Jul 11th 2016

Making Babies in the 21st Century (FutureLearn)

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Explores the new reproductive technologies, the opportunities they provide, and the profound social challenges they pose. This course looks at six different areas of assisted reproduction and explores both the science and the impact they are having. The course is structured as a journey, taking as its starting point a person or couple wanting to conceive and using these types of technologies to who want to make a baby but can’t do so , due to their infertility, advanced age, sexuality or lack of partner.

Understand the choices that surround assisted reproduction

As soon as anyone decides to use reproductive technology to help them to have biological offspring, they are often confronted with a dizzying array of choices and dilemmas:

- to have a sperm or egg donor;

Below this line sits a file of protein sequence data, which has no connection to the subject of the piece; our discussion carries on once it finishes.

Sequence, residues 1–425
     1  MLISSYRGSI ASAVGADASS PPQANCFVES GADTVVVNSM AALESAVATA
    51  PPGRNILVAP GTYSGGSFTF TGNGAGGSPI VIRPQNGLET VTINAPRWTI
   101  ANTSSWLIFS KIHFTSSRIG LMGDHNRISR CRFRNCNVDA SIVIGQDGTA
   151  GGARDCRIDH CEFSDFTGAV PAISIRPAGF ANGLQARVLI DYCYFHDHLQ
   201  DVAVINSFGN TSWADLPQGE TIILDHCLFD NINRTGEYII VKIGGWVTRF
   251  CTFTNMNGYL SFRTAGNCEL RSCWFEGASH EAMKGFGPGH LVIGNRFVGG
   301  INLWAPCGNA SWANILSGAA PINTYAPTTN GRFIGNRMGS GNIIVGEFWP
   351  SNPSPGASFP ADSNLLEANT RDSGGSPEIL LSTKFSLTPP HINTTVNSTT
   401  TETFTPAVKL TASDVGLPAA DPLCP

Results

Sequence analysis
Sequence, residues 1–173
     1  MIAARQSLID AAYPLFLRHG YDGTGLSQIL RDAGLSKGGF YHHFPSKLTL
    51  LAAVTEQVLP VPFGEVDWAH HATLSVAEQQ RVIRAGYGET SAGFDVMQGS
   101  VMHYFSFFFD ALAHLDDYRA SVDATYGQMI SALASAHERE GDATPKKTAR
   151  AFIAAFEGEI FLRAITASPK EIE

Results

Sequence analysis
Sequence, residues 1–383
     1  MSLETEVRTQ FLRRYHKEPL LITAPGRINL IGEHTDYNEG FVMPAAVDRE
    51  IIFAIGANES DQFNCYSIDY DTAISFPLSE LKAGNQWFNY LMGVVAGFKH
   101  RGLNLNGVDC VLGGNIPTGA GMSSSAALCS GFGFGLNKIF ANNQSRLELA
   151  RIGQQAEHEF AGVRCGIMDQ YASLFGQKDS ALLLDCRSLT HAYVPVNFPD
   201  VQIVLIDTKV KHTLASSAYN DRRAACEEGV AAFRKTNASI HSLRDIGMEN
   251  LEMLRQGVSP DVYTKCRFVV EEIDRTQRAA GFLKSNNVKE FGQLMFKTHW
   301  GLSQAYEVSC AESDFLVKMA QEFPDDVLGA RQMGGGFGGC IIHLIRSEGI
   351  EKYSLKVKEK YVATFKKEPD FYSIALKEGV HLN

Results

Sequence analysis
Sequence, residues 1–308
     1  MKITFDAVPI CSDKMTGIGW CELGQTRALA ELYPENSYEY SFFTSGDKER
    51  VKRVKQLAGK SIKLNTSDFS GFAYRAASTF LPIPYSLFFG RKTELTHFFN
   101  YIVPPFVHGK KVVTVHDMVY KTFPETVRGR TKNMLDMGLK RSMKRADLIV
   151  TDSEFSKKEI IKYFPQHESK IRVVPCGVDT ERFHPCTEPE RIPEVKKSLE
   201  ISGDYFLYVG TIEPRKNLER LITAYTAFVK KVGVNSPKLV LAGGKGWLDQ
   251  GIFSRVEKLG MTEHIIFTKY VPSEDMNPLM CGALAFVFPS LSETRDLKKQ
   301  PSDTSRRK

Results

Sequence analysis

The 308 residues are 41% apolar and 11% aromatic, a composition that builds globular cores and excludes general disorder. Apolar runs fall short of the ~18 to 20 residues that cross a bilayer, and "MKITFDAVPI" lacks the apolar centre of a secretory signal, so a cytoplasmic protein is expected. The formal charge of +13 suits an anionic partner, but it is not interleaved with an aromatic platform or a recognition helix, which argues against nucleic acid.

- to choose a known or an anonymous donor;

- to test the fetus for genetic abnormalities;

- to use a surrogate (and, if so, in an ethical way);

- to test the embryo or baby for genetic abnormalities;

- and whether to use new technologies that allow genome editing

All of these issues pose urgent ethical challenges. But who decides what’s right or wrong? Who is potentially harmed? And how is this changing our society?

Explore the challenges posed by reproductive technology

Making Babies in the 21st Century will look at human reproduction in an age where reproductive technology is becoming the norm, exploring the social, ethical and legal challenges that currently confront us. The course will enable you to:

- explore how technology is changing the way babies are made and how family life is constructed;

- appreciate the key ethical dilemmas that these new technologies bring;

- and gain awareness of the social aspects of the relevant ethical challenges

Learn with UCL’s Institute for Women’s Health

The course has been created by Dr Dan Reisel, a research associate and clinical research fellow in Women’s Health at UCL.

The content of the course grows out of the ethics teaching at the Institute for Women’s Health, and brings together clinicians, scientists, patient advocates and students interested in the ethical and social implications of the new reproductive and genomic technologies.